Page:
The TAP for mobile phones was literally the potential market size of “mobile communication”. The TAP approach is similar to bottom-up and value theory market sizing.
The New to Big Discovery Process
Assemble a small, designated team
Start by assembling a small team similar to the co-founders of a startup. This should include:
- Discovery Lead
- Financial Analyst
- Tech Expert from R&D
- Customer Insights Expert with ethnography skills
Pick a group of potential customers, listen, and observe
You are most likely looking to explore opportunities that are adjacent to your company’s core offering. Create a list of existing customers that you can have discovery calls with. If you are worried about talking to existing customers, feel free to start with potential customers that your company doesn’t already serve. Using a tool like User Interviews can help get you started.
Consider relevant new enablers that could serve their needs
Do an audit of the realm of possible for any specific issues you are exploring. An enabler could be a new trend or emerging technology - anything that is enabling a new way to address a need. Organize these enablers and business models into three buckets:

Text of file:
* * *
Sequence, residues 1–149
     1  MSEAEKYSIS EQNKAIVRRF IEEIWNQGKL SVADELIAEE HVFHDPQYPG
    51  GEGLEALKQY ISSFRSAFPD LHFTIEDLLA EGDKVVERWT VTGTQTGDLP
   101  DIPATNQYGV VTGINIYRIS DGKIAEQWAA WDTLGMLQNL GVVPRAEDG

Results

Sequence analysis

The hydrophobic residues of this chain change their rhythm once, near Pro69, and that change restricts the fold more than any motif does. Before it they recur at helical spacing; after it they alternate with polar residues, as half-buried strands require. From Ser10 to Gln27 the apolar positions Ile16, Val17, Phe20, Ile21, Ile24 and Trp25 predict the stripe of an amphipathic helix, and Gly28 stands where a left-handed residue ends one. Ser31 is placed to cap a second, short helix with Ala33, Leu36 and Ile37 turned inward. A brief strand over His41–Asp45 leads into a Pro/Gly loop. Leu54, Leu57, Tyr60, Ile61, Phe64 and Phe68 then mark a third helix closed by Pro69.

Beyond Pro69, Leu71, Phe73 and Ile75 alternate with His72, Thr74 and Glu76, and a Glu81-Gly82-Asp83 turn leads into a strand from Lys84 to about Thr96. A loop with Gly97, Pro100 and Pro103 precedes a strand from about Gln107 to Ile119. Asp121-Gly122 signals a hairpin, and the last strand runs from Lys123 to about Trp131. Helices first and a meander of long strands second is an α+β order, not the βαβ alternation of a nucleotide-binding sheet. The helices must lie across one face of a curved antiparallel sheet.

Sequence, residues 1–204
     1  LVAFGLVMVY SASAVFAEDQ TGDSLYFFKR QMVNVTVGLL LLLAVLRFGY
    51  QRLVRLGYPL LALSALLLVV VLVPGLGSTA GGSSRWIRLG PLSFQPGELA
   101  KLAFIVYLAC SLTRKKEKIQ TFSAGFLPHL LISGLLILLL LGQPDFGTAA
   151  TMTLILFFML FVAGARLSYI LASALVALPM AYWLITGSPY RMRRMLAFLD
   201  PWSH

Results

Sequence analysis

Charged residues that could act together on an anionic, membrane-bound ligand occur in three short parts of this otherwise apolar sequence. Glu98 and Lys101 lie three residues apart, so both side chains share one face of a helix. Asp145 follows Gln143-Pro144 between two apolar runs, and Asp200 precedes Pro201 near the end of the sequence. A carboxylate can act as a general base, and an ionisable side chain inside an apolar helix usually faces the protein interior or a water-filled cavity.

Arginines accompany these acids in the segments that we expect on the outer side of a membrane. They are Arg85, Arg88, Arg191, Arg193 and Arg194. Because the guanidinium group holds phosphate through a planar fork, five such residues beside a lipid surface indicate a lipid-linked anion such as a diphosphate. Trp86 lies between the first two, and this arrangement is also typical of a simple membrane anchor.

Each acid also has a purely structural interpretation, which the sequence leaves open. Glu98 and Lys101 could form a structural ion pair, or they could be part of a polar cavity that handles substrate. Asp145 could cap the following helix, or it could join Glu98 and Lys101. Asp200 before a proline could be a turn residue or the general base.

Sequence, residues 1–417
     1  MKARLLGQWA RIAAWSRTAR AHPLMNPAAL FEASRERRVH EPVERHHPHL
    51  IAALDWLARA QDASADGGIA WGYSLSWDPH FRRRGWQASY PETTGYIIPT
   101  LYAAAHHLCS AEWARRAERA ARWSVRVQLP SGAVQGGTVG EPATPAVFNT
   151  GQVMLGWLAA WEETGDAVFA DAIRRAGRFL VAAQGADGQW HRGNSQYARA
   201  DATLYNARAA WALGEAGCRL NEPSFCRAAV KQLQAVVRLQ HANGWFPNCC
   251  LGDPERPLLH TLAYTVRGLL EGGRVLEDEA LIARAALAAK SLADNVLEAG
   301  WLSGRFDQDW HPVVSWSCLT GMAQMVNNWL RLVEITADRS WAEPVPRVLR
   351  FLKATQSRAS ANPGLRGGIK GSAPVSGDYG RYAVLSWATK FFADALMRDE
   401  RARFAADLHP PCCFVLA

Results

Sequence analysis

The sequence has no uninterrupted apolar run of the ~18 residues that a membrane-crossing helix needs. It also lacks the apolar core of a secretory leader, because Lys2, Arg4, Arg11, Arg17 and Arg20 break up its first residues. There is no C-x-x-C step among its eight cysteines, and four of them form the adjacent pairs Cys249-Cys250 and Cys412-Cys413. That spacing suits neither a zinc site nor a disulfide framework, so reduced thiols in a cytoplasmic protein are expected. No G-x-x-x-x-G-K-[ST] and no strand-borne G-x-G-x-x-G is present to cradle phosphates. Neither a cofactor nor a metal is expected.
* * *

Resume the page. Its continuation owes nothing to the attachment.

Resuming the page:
- Enablers and business models that could be used to address this specific issue
- Enablers and business models that our competitors are already using to address this issue
- Enablers and business models that are wicked cool but totally useless for this application
Understand the current and emerging business landscape, technology, roadmap, and startup/venture ecosystem
This is taking your audit from the previous step and diving deeper. Some key questions to ask:
- What are emerging trends in our industry that we need to understand and monitor?
- What type of impact will advances in technology play?
- Where are current trends and technology developments leading? How can we stay ahead of the curve?
- What startups are VCs funding in our area that we should monitor?
Combine all of these inputs to identify Opportunity Areas (OAs) and prioritize them